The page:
According to Vaticanist Sandro Magister, Pope Francis has decided to postpone the publication of his long-awaited encyclical on the environment. The reason, according to Magister, is that the Pope realized that the document in its current state had no chance of receiving the approval of the Congregation of the Doctrine of the Faith under the leadership of Cardinal Gerhard Müller. If it seems somewhat improper for a Cardinal to be telling a Pope what he can and can’t write, don’t fret, gentle reader: the text wasn’t written by Pope Francis at all.
The ghostwriter behind the heavily discussed encyclical is one Archbishop Victor Manuel Fernández of Tiburnia, a native of Buenos Aires. Archbishop Fernández, who belongs to Pope Francis’ inner circle in the position of most trusted theological adviser, was already heavily involved in the writing of Evangelii gaudium, and spent the Summer of 2013 in Rome for that purpose. Last March, as Pope Francis set about to compose his Eco-Encyclical, Archbishop Fernández was again flown in to do the heavy lifting. The close working relationship apparently stretches back to the time when Pope Francis was still Archbishop Jorge Bergoglio of Buenos Aires, with Fernández working largely behind the scenes, drafting the future Pontiff’s important speeches and letters.
|Archbishop Victor Manuel Fernández
However, it seems that Archbishop Fernández has let the influence he enjoyed over papal affairs go to his head. In an interview published in Corriere della Sera last Sunday, he took the current wave of Ultramontanism to new heights, implying that the Curia and the entire body of Cardinals are non-essential to the government of the Church – which, while technically true, is Vaticanese for “we will push ahead, with or without the Cardinals’ blessing.” He also felt safe enough to criticize Cardinal Müller’s recent comments that his job as Prefect of the CDF is to give the Pope’s magisterium theological structure:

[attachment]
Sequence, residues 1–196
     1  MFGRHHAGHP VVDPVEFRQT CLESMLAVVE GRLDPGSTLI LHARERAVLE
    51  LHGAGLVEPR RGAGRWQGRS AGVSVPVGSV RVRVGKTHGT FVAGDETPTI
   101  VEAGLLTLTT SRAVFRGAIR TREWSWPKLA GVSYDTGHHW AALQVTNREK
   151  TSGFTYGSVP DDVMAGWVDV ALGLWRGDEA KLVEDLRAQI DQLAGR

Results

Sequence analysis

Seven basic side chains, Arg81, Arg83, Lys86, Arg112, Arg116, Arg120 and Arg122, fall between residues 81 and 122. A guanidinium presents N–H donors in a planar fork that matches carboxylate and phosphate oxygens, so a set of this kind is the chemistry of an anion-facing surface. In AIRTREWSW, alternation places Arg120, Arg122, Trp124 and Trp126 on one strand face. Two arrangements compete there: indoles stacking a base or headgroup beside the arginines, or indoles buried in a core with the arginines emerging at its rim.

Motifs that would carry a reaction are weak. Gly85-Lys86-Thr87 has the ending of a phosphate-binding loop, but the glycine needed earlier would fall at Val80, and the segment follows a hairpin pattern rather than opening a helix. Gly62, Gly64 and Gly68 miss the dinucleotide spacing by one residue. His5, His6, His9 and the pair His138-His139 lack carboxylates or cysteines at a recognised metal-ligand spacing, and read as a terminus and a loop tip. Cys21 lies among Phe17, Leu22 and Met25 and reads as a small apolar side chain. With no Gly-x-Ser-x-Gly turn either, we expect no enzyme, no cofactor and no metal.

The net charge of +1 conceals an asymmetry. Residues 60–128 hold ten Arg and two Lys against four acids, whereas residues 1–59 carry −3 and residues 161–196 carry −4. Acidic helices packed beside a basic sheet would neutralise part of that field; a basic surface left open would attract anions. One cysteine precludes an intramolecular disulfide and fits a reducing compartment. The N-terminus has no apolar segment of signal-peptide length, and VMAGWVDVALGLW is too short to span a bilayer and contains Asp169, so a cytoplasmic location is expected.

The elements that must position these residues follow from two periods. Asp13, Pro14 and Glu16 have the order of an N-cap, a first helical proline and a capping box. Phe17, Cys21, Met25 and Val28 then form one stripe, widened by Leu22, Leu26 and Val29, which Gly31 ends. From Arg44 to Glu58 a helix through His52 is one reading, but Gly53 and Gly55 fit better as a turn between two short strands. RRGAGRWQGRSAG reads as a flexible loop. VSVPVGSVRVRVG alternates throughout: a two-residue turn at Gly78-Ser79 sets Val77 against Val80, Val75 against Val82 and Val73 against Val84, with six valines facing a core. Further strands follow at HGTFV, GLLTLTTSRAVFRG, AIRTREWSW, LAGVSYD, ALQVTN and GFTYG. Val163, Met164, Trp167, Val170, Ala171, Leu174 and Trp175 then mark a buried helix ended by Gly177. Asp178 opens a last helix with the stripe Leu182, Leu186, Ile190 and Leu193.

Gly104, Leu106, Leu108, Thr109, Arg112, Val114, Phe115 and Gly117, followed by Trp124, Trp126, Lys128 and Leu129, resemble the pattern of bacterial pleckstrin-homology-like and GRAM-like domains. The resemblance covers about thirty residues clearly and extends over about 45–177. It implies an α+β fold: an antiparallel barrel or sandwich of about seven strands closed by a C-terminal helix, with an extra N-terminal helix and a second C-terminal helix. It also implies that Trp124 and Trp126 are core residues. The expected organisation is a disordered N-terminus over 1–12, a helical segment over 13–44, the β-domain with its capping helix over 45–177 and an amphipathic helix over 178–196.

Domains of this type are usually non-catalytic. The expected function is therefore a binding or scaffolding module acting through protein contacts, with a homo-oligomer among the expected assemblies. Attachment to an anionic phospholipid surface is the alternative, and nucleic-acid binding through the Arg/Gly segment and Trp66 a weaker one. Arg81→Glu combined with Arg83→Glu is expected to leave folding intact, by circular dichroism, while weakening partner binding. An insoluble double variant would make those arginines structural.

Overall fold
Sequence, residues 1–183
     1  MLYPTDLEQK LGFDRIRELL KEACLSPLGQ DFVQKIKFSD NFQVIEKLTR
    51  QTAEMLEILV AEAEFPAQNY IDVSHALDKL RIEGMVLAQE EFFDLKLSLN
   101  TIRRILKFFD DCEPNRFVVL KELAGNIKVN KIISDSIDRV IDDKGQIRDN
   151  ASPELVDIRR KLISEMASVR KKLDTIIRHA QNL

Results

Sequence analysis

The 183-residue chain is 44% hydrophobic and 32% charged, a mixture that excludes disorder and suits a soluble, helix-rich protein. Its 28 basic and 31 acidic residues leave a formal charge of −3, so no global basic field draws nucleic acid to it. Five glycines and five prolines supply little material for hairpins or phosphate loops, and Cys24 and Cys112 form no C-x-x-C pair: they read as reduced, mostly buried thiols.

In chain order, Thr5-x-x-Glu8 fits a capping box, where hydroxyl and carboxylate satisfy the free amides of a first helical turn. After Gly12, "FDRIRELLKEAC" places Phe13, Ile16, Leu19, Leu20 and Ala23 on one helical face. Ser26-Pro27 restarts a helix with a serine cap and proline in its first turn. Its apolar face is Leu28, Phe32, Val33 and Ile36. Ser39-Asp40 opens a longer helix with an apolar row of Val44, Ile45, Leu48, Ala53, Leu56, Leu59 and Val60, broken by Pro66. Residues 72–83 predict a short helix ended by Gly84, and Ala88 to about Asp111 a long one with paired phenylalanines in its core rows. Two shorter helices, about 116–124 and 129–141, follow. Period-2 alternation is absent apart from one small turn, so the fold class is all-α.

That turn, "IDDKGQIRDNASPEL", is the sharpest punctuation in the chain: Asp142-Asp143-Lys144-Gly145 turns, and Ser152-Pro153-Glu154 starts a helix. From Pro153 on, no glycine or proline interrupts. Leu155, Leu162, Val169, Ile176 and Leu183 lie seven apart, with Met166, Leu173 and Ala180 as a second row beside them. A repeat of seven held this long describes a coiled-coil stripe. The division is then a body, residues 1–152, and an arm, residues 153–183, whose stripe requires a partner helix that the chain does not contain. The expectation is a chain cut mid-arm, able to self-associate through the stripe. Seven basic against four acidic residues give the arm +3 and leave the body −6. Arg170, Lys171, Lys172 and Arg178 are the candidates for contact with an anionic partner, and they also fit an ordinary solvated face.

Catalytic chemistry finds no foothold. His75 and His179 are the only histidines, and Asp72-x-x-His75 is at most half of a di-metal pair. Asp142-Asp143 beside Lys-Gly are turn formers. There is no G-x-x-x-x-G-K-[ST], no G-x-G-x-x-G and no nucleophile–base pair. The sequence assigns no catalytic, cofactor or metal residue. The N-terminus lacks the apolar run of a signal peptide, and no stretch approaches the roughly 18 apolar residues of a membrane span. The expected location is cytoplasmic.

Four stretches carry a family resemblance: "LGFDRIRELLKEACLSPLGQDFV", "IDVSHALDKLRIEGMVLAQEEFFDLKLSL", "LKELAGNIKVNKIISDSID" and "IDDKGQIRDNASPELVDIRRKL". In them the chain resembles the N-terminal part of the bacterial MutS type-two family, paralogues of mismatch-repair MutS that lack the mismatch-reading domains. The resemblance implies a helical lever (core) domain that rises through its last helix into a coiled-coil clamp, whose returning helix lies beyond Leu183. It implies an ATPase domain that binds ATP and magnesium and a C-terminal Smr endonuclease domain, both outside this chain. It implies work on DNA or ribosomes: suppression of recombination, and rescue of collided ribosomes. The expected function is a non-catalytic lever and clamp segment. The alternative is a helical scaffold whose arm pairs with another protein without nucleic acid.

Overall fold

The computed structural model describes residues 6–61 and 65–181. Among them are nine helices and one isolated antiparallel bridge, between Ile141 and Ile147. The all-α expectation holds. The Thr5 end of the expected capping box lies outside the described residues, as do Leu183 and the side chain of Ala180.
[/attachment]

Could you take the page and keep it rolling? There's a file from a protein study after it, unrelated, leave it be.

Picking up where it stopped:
I have read that some say that the Roman Curia is an essential part of the mission of the Church, or that a Prefect in the Vatican is the sure compass preventing the Church from falling into ignomy, or that this Prefect guarantees the unity of the Faith and facilitates serious theology from the Pope. But Catholics know from reading the Gospel that it was to the Pope and the Bishops that Christ granted a special governance and enlightenment – and not to a Prefect or some other structure. When one hears such things, one could almost get the impression that the Pope is merely their representative, or one who has come to disturb and must, therefore, be monitored. […] The Pope is convinced that what he has written or said cannot be treated as an error. Therefore, all these things can be repeated in the future, without having to fear receiving a sanction for it.
We don’t know how Cardinal Müller reacted to these sharp words, or whether, as Giuseppe Nardi surmises, he spoke directly with Pope Francis regarding the encylical, but Magister relates that sources inside Santa Marta are reporting that the Pope will not be publishing Archbishop Fernández’ already completed text, and has – for the time being – tabled the entire project. It’s clear that he can’t let it disappear entirely without a tremendous loss of face in the public arena; UN Secretary General Ban Ki-Moon, apparently moonlighting as a Vatican spokesman, has announced that the encyclical is set to appear in June of this year. But who will be behind the next incarnation of the encyclicus maculatus is anybody’s guess.